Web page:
OHSU

Crosa Lab

Overview

Our main interest concerns the molecular mechanisms used by bacterial pathogens to modulate expression of their genes in response to environmental stimuli, such as the iron concentration that mimic the environment found during infection of the vertebrate hosts. We use a combination of molecular, genetic, and biochemical approaches to investigate:

  • The genetics and assembly line enzymology of siderophore biosythesis in bacteria
  • Structure-function studies of iron transport proteins
  • Signal transduction and transcriptional regulation of iron uptake genes involved in virulence
  • The control of bacterial cell division and DNA replication during infection

in detail

Siderophores

Siderophores are small molecular weight, high-affinity iron-binding compounds that can scavenge the iron away from the high-affinity iron-binding proteins. Click to enlarge.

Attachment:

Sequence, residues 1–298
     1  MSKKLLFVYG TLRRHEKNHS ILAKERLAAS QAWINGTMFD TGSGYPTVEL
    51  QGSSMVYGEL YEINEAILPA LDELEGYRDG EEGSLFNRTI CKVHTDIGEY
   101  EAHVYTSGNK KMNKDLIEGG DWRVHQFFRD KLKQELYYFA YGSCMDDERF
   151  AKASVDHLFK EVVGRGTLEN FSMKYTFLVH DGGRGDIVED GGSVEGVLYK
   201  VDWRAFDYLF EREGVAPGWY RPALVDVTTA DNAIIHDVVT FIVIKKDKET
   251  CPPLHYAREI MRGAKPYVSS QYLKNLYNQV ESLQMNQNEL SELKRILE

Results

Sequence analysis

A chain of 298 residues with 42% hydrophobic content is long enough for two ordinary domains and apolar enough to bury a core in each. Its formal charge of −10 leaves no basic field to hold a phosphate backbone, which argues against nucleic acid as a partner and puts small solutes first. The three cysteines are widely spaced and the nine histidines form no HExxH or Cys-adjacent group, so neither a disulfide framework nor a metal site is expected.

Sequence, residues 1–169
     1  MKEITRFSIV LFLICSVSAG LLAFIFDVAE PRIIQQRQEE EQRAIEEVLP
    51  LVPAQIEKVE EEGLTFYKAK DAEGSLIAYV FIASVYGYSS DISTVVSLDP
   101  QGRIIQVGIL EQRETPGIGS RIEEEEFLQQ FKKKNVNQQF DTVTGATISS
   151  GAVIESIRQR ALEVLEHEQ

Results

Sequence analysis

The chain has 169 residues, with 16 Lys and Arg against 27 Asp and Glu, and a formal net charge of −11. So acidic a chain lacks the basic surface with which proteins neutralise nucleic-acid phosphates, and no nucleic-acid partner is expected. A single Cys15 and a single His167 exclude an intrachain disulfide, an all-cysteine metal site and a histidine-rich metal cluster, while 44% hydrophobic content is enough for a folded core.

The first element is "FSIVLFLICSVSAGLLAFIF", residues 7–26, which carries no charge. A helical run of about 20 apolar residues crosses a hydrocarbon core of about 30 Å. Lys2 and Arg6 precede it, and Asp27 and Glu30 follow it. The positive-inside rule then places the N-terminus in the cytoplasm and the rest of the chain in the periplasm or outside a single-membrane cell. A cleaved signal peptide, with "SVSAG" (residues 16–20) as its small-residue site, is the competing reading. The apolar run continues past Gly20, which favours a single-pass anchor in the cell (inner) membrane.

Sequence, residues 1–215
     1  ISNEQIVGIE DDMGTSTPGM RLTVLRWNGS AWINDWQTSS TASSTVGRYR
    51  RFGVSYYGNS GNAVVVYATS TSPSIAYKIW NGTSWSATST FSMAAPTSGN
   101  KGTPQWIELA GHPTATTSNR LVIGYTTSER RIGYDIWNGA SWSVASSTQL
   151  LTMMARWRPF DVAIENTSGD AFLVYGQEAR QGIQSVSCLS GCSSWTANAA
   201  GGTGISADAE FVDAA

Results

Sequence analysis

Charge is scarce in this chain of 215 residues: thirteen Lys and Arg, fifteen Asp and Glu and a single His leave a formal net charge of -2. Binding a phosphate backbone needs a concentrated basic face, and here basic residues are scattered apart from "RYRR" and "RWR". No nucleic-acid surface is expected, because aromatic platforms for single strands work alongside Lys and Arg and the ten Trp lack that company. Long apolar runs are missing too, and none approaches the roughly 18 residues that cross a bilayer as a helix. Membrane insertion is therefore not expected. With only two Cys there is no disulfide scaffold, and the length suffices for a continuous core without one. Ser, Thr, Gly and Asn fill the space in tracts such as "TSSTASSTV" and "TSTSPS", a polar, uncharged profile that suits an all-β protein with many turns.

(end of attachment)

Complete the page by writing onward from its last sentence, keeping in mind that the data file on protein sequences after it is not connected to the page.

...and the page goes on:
The ability of bacteria to cause disease depends on many parameters that work in concert to establish the pathogen in the vertebrate host. One of these factors is its ability to compete with the host organism for iron. Iron is an essential metal for nearly all living systems; however, in biological fluids it exists only as a complex with iron binding proteins, making it essentially unavailable. Therefore in order to establish an infection invasive microorganisms must depend on their ability to use the iron found in the host which is complexed to high-affinity iron-binding proteins such as transferrin, or lactoferrin or is part of heme in the red cells. To accomplish this endeavor, microorganisms possess receptors in the outer membrane that allow them to acquire directly the iron from the complexes with the high-affinity iron-binding eukaryotic proteins. However, a more common strategy among microorganisms is the synthesis of siderophores which are small molecular weight, high-affinity iron-binding compounds that can scavenge the iron away from the high-affinity iron-binding proteins in the host to present it as a ferric-siderophore complex to the cognate outer membrane protein receptors and subsidiary iron transport proteins (Fig. 1). We are interested on the mechanisms that control iron transport gene expression in bacteria belonging to the genus Vibrio and their influence on the expression of pathogenicity. The interplay between positive and negative regulatory molecules which include proteins and small RNAs is currently being studied. Bacteria that belong to the genus Vibrio (Fig. 2 is a micrograph of the typical curved rod with a polar flagellum)are commonly found as etiological agents of disease in humans and animals. One of the most studied members of this group is Vibrio cholerae. Other important members of this group are the marine pathogens Vibrio vulnificus and Vibrio anguillarum. V. vulnificus causes highly fatal hemorrhagic septicemias in humans as well as marine animals while V. anguillarum is responsible for the haemorrhagic septicemic disease vibriosis in salmonid fishes. We are using these two systems in a program to understand the contribution of iron transport to virulence.